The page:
So now, as a reader, you understand how desperate and lacking in confidence we writers really are. As we always say, If you loved our story, tell your friends and write a review; if you hated it, tell your enemies. 

My Conflicts of Interest

It has been quite some time since I sat down and tapped out a blog. I would like to list my reasons for not doing so sooner, but sadly, I have none. Unless you count laziness and lack of imagination as reasons. In my case, they seem to be.

Spring is here. At least, it says so on my calendar. I actually believed it one day because the temperature, the bits of green grass poking out of the ground, and the birds singing proved it. Then suddenly the warm temperature disappeared and a cold north wind took its place. It was discouraging but this was April in Canada.

You would think with all the fluctuating temperatures, it would be an ideal time to curl up inside with your laptop and write a book. My agenda for the year includes writing three new books. My Mabel Wickles series is in need of a new book because there is now a new sheriff who needs Mabel’s help. Retired Reg Smee has started up a taxi service and I’m sure he’s going to find a dead body in one of his taxis any day now. Beryl Swallows has moved to Arizona but how much will she miss her neighbor, Sam Galloway? Perhaps finding a body at the bottom of her apartment’s garbage chute will keep her mind off her homesickness. Then there’s my historical fiction novel, Sarah’s Valley – too many readers have said they want to learn more about the young man, Patrick.  Obviously, I must write My Return to Sarah’s Valley.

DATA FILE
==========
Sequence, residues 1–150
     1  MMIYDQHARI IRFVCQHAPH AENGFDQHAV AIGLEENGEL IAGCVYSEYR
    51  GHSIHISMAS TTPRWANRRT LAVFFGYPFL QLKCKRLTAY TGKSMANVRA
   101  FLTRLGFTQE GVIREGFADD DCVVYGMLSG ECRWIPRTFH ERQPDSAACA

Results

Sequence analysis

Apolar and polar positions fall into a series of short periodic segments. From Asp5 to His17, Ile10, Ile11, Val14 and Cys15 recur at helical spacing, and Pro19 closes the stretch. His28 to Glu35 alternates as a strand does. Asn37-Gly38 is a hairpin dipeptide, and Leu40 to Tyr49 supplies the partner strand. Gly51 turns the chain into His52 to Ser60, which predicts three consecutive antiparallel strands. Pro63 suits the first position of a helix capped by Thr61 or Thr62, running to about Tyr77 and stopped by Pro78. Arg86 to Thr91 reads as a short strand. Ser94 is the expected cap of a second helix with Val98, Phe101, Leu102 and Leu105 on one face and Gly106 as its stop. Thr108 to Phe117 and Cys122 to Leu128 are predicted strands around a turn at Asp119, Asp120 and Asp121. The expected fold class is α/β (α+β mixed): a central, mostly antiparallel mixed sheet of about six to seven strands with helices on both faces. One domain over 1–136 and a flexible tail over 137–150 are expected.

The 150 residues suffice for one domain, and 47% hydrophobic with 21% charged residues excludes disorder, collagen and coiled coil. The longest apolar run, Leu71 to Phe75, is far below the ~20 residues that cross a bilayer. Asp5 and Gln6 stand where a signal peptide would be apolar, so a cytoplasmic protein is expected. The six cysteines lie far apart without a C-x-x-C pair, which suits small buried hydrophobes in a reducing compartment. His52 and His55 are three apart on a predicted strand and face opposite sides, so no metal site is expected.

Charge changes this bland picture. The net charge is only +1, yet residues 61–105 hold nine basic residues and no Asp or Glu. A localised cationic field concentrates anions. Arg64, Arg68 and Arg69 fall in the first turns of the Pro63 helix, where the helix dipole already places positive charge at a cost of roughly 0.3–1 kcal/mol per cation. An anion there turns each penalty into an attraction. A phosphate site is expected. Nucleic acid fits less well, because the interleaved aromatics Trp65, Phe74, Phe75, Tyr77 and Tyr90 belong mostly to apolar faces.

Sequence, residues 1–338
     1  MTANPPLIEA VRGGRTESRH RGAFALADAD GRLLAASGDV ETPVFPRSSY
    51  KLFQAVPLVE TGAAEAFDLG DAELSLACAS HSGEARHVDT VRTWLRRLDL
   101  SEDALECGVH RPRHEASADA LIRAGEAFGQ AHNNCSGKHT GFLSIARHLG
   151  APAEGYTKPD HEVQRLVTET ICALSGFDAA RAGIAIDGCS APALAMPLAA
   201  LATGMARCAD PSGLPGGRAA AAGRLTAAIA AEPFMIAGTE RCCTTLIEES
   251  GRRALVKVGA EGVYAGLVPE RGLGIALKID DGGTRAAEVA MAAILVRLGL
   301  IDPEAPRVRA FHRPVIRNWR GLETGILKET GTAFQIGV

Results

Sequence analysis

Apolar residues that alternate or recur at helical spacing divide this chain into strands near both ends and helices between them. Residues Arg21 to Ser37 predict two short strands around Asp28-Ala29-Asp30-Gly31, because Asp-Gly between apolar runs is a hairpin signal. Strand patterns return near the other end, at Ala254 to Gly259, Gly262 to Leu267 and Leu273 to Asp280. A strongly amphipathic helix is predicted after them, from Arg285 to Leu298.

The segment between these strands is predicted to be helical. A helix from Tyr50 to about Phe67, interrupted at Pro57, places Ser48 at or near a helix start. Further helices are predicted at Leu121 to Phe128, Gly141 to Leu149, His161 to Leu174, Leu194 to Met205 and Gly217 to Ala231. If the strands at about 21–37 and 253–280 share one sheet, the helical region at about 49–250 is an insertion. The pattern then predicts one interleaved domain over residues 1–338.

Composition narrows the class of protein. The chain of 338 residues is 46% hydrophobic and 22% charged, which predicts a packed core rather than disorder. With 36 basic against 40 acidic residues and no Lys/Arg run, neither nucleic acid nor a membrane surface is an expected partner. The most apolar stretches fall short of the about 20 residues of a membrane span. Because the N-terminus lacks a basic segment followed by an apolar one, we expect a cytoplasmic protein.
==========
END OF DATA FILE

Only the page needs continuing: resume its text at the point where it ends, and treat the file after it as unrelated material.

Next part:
However, I have one more hurdle (besides the lack of imagination and laziness) to overcome. Even though the weather is yucky, I have a conflict of interest. Every spring, my mind turns to spring cleaning. I know, it’s an old fashioned concept. Once it’s been ingrained in you, it’s hard to let it go. No, I don’t wash all the walls and windows in my house like I once did but I suddenly get the urge to empty out all my closets and then neatly replace everything. Well, maybe I do wash most of the windows but I draw the line at wall washing. Now it consists of wiping around all the light switches.

This is also the time of year that I get the urge to paint. I think this is my way of getting out of washing walls. So far, I’ve decided on a lighter gray for the hallway, a darker color for the main bathroom, and perhaps a brighter shade for one wall in the kitchen.

After spring cleaning is over, it’s gardening time. Already my husband is getting ready to start plants in the house. I’m wondering what flowers to plant this year and how I can rearrange my pots. Should I buy new ones or just use some of the leftover paint from the kitchen to spruce them up a bit?

Now you understand my conflicts of interest. I have no concept of writers who sit down every day, at the same desk, in the same spot, and write, spellbound, for hours at a time. If I’m going to write three books, it will be done while I’m sitting on the floor in my closet surrounded by my junk, while waiting for paint to dry, or while I’m sitting on the ground, waiting for my husband to finish tilling the garden.